From the Publisher
2009 Eisner Award Winner
“By far Tezuka’s edgiest work at that point in his career, this series is riveting and, frankly, creepy as hell, with Tezuka’s signature ‘cute’ style offering a welcome counterpoint to the visceral horrors depicted. Highly recommended.” —Publishers Weekly
“The premise and Tezuka’s eerie renditions of larval Hyakkimaru and the monsters that come after him is unusually effective and chilling.” —The Onion A.V. Club
“It’s the pioneer of the manga tradition wading neck deep into the mire of freakish swordsmen, ghouls and historical messiness: Kurosawa and Leone meets Romero… Dororo stands as a classic that showcases Osamu Tezuka’s unique approach to manga and to the world.”—Aint’t It Cool News
“Sleek in design and swift in pacing, the story’s blend of mayhem and laffs and depression creates a uniquely chaotic world… The monster designs are excellent, ranging from detailed etchings to gargantuan masses of doomy scribbles.” —Jog-The Blog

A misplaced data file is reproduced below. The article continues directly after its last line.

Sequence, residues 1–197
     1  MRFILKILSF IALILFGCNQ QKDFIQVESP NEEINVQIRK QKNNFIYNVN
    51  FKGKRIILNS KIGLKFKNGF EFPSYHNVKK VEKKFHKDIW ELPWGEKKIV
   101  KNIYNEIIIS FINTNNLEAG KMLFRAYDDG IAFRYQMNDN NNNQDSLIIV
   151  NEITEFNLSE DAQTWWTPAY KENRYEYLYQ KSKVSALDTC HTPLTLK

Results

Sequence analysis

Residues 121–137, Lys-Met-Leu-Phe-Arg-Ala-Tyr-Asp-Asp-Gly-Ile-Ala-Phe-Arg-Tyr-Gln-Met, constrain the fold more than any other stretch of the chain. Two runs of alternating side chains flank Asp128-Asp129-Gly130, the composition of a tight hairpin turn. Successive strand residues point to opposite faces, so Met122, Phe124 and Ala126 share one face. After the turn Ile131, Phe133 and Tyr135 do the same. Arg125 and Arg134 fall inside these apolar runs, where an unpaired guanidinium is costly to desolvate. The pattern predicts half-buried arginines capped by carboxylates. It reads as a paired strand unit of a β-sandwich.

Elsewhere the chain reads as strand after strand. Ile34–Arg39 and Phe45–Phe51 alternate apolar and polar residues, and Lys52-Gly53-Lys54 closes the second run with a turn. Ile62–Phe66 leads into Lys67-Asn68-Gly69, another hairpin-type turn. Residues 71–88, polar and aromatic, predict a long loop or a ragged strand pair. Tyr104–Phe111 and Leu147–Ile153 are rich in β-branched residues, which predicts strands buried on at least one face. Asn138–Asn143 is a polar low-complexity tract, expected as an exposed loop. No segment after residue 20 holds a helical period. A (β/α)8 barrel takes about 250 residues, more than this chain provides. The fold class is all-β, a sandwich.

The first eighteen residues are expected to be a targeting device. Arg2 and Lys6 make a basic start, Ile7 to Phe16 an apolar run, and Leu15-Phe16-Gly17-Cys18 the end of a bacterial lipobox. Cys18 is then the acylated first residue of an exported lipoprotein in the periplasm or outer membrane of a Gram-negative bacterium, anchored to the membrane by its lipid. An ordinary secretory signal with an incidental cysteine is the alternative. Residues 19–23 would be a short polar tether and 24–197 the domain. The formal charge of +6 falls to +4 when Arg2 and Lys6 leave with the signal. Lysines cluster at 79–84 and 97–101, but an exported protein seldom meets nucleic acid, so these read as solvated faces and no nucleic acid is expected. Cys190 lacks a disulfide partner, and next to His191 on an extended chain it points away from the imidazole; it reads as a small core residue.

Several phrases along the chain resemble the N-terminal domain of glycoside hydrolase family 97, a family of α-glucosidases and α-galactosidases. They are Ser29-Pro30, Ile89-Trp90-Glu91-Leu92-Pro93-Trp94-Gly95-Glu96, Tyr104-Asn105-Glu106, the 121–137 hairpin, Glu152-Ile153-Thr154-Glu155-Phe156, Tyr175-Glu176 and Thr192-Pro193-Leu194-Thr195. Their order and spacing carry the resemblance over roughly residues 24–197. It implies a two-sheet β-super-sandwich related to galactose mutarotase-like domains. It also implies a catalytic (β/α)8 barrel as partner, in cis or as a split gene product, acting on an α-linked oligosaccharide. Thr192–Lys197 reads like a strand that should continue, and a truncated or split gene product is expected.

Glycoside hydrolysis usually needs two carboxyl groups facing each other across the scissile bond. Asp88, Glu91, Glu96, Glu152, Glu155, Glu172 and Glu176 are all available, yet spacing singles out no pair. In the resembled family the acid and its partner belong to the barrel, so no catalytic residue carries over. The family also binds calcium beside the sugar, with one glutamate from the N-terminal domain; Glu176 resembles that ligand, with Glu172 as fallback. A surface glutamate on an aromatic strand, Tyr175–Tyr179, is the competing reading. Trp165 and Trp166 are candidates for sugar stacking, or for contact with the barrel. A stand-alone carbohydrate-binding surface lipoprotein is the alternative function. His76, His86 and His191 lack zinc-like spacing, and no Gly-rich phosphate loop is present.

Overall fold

The late master manga storyteller Tezuka (Astro Boy; Phoenix) returns with the next volume of his 1967-1968 horror/samurai epic, and the dire doings escalate to horrifying levels as young swordsman Hyakkimaru continues his quest to reclaim his stolen body parts from a gaggle of demons, accompanied by the self-described "world's greatest thief," the diminutive Dororo. This time their wanderings bring them into carnage-laden conflict with fearful villagers, carnivorous fox spirits, opposing actions in a border war, a face-stealing evil Buddha statue, unrestful child ghosts and a nobleman whose loving marriage to a moth demon brings about shocking tragedy. Along this journey of despair, vengeance and the darkest of magic, Hyakkimaru encounters long-lost members of his family-with devastating results-while secrets from Dororo's past are revealed in the presence of a monk who persuades Hyakkimaru that an aspect of his thieving companion may offer a hint to his mission in life once he completes his odyssey of righteous killing. As per the previous volume, this is compelling stuff and notable among Tezuka's works for being almost relentlessly downbeat, gruesome and genuinely creepy, all elements somehow enhanced by the artist's appealing animation-influenced visual style. (June)Copyright © Reed Business Information, a division of Reed Elsevier Inc. All rights reserved.